Thanks guys, appreciate your input. No its not to be as a hobby, just want to start out small and make sure we like it, and if so go full time, yes it is an expensive way to test the water but if you never try youll never know. For the initial period, if there is a mid week event, we can take a day out of our annual leave.
    No Gary we dont have any experience in a similar business but have been in sales and customer service for 30 odd years and need a change out of the industry Im in, understand it gets very busy at events but hopefully our communication and connectivity is up to it.
    I have been doing investigation into events and existing vendors and there dont seeem to be any other LOCAL coffee vans, there is one that comes from out of area for events, if she bothers to turn up.
    As for van vs trailer have thought (and still are) about this considerably but for the area where in the trailer in the industrial areas is not an issue as there is plenty of room and there will be no need to leave the trailer as the customers will come out to you.
    Storage space, noted, hadnt thought enough about that with the trailer I was considering, might have to consider something larger.

  5. #5
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    Re: Coffee Trailer - any suggestions.

    Hello Maverick,

    My 2 cents.

    A trailer and a van are two different animals. A van for events or markets is inefficient, if you are working out of the back.

    Look at as many trailers as you can. Work flow is very important. Its the difference between a good day $$ and a great day $$. As well as your physical wellbeing, elbows knees and back.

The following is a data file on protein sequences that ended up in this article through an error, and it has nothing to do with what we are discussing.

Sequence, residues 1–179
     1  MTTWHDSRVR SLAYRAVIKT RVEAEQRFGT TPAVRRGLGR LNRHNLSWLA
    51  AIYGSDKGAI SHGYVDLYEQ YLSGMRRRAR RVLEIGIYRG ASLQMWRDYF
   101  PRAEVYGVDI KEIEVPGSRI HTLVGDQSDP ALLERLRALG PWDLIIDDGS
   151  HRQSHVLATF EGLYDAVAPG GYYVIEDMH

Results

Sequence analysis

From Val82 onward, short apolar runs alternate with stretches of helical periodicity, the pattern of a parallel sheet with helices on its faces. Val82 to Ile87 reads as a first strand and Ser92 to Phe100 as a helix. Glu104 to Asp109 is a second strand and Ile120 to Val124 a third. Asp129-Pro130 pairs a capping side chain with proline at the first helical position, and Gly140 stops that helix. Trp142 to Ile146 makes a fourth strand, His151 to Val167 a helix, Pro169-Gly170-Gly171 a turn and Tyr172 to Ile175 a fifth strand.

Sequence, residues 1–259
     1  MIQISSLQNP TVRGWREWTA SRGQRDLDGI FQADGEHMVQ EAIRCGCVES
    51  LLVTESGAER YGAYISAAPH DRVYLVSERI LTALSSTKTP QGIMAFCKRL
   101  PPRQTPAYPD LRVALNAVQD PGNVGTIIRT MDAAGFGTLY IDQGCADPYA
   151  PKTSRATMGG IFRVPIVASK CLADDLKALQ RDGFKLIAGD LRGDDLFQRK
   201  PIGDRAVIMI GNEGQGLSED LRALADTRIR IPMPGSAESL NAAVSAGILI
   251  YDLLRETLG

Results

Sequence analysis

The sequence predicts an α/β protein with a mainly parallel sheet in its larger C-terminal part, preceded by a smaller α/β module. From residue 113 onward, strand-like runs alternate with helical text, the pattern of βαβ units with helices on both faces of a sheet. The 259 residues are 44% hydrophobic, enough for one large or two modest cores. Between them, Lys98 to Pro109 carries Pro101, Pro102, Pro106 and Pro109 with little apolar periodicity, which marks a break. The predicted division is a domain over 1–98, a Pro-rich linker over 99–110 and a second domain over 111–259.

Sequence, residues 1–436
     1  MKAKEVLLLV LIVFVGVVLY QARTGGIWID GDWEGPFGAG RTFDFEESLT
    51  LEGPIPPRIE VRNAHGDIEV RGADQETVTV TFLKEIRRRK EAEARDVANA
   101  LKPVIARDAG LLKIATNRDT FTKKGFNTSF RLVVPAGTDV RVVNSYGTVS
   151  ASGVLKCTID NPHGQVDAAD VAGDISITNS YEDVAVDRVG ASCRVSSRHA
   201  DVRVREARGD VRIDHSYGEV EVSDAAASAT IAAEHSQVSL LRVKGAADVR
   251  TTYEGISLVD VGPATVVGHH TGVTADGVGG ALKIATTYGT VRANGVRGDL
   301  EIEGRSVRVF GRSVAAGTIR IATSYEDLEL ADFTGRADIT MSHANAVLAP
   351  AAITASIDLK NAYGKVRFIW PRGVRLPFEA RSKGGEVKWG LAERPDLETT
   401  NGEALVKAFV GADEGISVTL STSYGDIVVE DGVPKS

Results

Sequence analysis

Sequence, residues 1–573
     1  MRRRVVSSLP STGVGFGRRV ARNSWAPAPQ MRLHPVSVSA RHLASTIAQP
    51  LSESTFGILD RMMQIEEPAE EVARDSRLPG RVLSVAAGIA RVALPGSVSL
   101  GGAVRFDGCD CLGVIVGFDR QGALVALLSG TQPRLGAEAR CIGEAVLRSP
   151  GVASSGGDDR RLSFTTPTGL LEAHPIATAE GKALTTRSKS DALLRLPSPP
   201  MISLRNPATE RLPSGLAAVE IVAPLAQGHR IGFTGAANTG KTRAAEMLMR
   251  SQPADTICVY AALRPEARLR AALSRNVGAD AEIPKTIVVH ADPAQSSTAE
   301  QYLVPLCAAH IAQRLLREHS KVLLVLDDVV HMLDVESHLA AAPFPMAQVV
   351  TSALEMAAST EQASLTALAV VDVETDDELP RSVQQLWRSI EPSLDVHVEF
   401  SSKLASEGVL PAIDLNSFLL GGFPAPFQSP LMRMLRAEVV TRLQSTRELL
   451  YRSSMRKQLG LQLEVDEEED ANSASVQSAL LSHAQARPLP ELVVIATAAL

In my experience buying a van or trailer is easy. Finding good venues is the trick.

    Do your research. Business plan. Know exactly how many coffees etc it will take to break even or make a profit etc.

    A lot of people get into carts, and $2000 sounds like a lot. But* time before and after setup, time during the week, super etc and $2000 does not go very far.

    Really think hard.

    Just my 2cents. We have been doing coffee carts for 5 years. We were lucky and learnt from a guy with a great setup.

    Martin.

  6. #6
    Senior Member mwcalder05's Avatar
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    Re: Coffee Trailer - any suggestions.

    Hey Maverick, just adding my personal experiences with a coffee cart. In terms of being a barista, being at home and making coffee for your wife is one thing but is a whole different ball game when you have customers in line waiting for a coffee.

    If it does kick off, maybe think about chatting to a couple of people who have experience in this area of actually making the coffee. However, call me crazy but there is no feeling compared to when your smacking out great coffees and everything is flowing well! Some of the most rewarding parts of this industry are these moments and plus, youre making good money.

    Hope this helps!
    Happy trails,
    Mike

  7. #7
    Junior Member Ozecard's Avatar
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    Re: Coffee Trailer - any suggestions.

    Hi Maverick.